Tuesday, November 25, 2014

November Gratitude Resources

Hello Everyone! I'm having a tough time with gratitude today, so I thought instead I would bring you  wonderful resources.

My friend Pamela Grow has put together the November Nonprofit Blog Carnival and the theme this month is the Attitude of Gratitude!

Here is the link: http://www.pamelagrow.com/5162/november-nonprofit-blog-carnival-attitude-gratitude/

In addition, I have two free professional development opportunities upcoming for you:

Network for Good will be hosting a webinar that you can join without cost,

Here is the link for registration: http://learn.networkforgood.org/Nonprofit911-12-09-14TipsandTechniquestoRetainYearEndDonors_Registration.html

And Finally, Alan Sharpe is putting together an amazing event in January, the Fundraising Summit:

It has some amazing presenters and is completely FREE!! Use this link to register now for all of the online content. https://ov213.isrefer.com/go/funds/lwester17/

Enjoy and for those of you in the US, have a wonderful Thanksgiving, I am most grateful for your passion for our profession.



Thursday, November 13, 2014

Stop "Lettering" Donors Through Email

It's the most wonderful time of the year... for fundraisers we are entering the end of year solicitation cycle, when most of the gifts that support our organizations come in through a variety of channels. With the rise of online giving, we are seeing a rise in email solicitations. And boy, do we have some work to do in this department. 

Just like donor relations and stewardship are not synonyms, neither are letters and email. I become really frustrated every time I open a solicitation email on my mobile tablet or phone and have to scroll at least 10 times to get to the end of the message. I'm not alone. Remember, most email is read on a mobile device, it's 2014. You can't take your year end fundraising letter and cut and paste it into an email and think this is an amazing way to raise funds. 
Email is meant to be a short communication form, with dynamic images, great subject lines and a clear call to action. Keep it short, don't belabor me with having to read through hundreds of words of text.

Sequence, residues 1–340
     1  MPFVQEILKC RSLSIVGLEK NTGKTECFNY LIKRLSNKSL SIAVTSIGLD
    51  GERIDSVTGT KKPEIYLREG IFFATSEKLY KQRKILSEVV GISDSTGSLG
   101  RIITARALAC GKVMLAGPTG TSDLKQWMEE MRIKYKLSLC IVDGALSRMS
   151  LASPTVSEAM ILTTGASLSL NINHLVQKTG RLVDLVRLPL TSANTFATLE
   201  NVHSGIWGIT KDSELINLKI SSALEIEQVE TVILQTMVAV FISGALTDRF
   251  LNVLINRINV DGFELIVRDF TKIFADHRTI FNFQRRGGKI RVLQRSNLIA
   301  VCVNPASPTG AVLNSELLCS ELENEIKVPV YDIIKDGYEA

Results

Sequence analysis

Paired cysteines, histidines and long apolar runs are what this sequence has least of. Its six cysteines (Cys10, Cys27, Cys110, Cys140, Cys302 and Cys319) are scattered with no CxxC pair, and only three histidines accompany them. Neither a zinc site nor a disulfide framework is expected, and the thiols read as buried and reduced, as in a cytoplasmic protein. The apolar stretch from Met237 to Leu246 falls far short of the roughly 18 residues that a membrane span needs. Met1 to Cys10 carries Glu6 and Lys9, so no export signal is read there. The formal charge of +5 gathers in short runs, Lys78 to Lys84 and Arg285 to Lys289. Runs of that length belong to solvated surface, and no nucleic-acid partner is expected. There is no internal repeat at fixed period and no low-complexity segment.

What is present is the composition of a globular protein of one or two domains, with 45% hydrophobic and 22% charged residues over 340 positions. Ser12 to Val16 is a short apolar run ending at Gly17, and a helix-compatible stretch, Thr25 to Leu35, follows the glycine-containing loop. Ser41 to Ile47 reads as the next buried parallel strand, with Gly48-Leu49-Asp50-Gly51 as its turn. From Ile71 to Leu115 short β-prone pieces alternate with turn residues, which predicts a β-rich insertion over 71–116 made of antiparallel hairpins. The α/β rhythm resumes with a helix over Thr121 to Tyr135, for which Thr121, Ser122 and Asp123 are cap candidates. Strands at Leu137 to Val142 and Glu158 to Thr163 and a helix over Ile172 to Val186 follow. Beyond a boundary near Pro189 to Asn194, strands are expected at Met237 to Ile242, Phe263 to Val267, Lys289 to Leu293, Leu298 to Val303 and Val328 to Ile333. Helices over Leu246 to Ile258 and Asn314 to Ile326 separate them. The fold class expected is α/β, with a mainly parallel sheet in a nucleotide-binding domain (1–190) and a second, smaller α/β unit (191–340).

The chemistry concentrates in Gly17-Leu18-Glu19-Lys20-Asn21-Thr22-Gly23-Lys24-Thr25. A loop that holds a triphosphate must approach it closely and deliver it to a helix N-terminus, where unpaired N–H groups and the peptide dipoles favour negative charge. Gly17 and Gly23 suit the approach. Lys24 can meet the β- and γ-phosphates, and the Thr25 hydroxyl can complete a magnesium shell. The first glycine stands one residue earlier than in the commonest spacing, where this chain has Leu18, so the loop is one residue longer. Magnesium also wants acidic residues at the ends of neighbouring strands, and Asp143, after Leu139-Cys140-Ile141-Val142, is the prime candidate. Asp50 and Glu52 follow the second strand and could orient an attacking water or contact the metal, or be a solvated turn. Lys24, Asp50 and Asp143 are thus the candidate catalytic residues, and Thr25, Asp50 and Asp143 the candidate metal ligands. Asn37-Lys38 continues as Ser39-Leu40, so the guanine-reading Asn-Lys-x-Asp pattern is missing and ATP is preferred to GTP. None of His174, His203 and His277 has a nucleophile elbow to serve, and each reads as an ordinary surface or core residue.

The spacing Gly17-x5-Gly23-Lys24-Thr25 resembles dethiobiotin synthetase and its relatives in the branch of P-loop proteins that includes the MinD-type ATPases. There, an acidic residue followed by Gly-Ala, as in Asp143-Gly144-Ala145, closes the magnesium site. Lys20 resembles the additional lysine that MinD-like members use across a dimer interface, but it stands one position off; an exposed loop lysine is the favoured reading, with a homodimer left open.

Let's look at some examples of what works and what doesn't.
This epistle is over 400 words long. No, seriously. 

After I finish reading this thing, I'm exhausted, not inspired to give. 

But look here, look at these folks who are using email effectively- Great examples here:

 These folks are putting the donor at the center of their world, embracing mobile friendly design, and keeping it short and simple. If I'm interested, I'll click the link, but at least you haven't written a tome. Kudos!

This is another simple yet effective example- and for goodness sake, don't forget about the subject line- Peter Drury at Splash just sent a brilliant email solicitation and the subject line was "Do You Want to Do a Good Thing- with true impact?" YES I do. KUDOS to the folks at Splash!

Much better than the other one I received that week that read, "Give to the 2014 Annual Fund" Seriously? That's all you've got? zzzzzzz Come on, we can do better!

Planning a year end appeal? (of course you are) Think about the way it looks on your mobile device, think about the message it sends to donors. What are you saying and good grief why so many words? You will have much higher conversion rates if you put the donor at the center of your efforts and remember that mobile is king. Care to share your examples? email them to me (lynne@donorrelationsguru.com) and I can help you streamline them for success and help you raise more money! 

Cheers and happy asking!

Thursday, November 6, 2014

Survey Says: We're Driving Donors Away!

Every two years at about this time, The Lily School of Philanthropy and Bank of America through US trust issue an amazing report that is chock full of great data. I highly recommend we all read it in order to understand our donors and their motivations and activities. Here is the link to the 2014 US Trust Study of High net Worth Households. I am a huge fan of statistical data, rather than relying on anecdotes from folks, I prefer empirical evidence of nationwide trends. Donors are able to clearly express to us their needs and desires while also communicating why they believe they act the way they do. 

Key Findings:

AGAIN, #1 Reason Why Donors STOP Giving: OVER-SOLICITATION!
Remember, in order to solicit again, we have to THANK donors and then tell them the IMPACT of their giving, if we ask them for more money before we do those 2 things, we've over-solicited them. This data makes an even stronger case for donor relations- Ask yourself- What is our ask to thank ratio at our organization?

Another truth we know, if we get donors engaged as volunteers, in any capacity, they give MORE:

Another important factor to consider is that MOST donors make giving decisions together as partners:

What insights were you able to glean from the study? What numbers stood out to you? What would you like for them to have asked this donor population? I look forward to hearing from you.